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Thread: presently

    • Join Date: Jul 2007
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    Thus, the western edges of Americas must have been reached ealier than presently thought.

    Why presently here? Is it an adv?

  1. oregeezer's Avatar
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    Re: presently

    I believe it is used as an adjective to modify when the thought takes place.
    "Present thinking" is a common co-location meaning a widely held current belief.

  2. VIP Member
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    Re: presently

    Hi belly_ttt,

    Pay attention to the following sentence:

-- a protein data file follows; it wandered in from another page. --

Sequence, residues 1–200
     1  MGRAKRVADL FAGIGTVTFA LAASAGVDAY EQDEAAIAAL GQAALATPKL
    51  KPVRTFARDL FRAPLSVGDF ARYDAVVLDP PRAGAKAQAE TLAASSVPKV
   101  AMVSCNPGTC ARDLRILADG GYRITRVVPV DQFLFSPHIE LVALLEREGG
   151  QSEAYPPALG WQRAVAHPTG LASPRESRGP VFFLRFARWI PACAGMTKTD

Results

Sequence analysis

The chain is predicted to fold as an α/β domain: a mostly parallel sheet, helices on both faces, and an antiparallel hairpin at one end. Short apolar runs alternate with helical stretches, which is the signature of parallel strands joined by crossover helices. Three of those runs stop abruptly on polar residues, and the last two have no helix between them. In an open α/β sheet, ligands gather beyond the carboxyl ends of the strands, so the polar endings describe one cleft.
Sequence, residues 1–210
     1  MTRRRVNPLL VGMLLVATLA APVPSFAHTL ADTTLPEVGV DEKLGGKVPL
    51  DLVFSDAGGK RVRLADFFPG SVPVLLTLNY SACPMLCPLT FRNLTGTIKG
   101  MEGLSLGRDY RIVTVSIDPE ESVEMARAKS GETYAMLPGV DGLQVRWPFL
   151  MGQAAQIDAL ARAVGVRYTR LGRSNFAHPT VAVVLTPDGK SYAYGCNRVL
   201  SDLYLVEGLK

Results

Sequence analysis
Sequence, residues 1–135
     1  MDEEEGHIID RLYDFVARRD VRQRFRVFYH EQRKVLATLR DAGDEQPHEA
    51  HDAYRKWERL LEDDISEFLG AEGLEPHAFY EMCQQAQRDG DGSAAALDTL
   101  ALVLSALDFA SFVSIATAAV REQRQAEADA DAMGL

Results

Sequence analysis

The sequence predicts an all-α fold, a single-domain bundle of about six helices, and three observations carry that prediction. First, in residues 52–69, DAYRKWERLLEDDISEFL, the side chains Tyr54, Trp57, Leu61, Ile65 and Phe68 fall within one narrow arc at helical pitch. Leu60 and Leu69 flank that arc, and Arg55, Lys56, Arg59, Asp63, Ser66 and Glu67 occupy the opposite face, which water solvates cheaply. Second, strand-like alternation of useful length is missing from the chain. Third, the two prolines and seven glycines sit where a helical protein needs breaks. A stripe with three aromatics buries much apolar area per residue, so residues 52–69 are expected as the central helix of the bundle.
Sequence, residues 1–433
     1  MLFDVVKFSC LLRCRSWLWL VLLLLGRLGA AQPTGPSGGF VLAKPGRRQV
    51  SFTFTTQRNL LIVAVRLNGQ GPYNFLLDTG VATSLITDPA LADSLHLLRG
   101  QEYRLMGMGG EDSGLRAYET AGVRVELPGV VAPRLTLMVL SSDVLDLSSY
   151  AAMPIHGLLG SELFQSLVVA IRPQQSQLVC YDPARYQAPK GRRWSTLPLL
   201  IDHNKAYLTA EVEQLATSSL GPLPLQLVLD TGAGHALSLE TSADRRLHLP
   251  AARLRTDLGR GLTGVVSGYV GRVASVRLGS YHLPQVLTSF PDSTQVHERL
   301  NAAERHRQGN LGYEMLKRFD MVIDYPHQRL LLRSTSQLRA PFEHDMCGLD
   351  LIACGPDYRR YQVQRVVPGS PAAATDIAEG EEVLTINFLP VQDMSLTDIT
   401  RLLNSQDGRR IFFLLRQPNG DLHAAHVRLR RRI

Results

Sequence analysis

This form of acquired vWD may be more prevalent than is presently thought.

    presently (adv.) = at this time or period; now: He is presently staying with us.

    An original meaning of presently was “at the present time; currently.” That sense is said to have disappeared from the literary language in the 17th century, but it has survived in popular usage and is widely found nowadays in literate speech and writing. Still, there is a lingering prejudice against this use. The sentence General Walters is … presently the United States Ambassador to the United Nations was acceptable to only 48 percent of the Usage Panel in the 1999 survey.
    In your case in question "thought" is part of the understood passive construction

    It is thought that these ares were reached in 1800 (passive)

    People think that these areas were reached in 1800.



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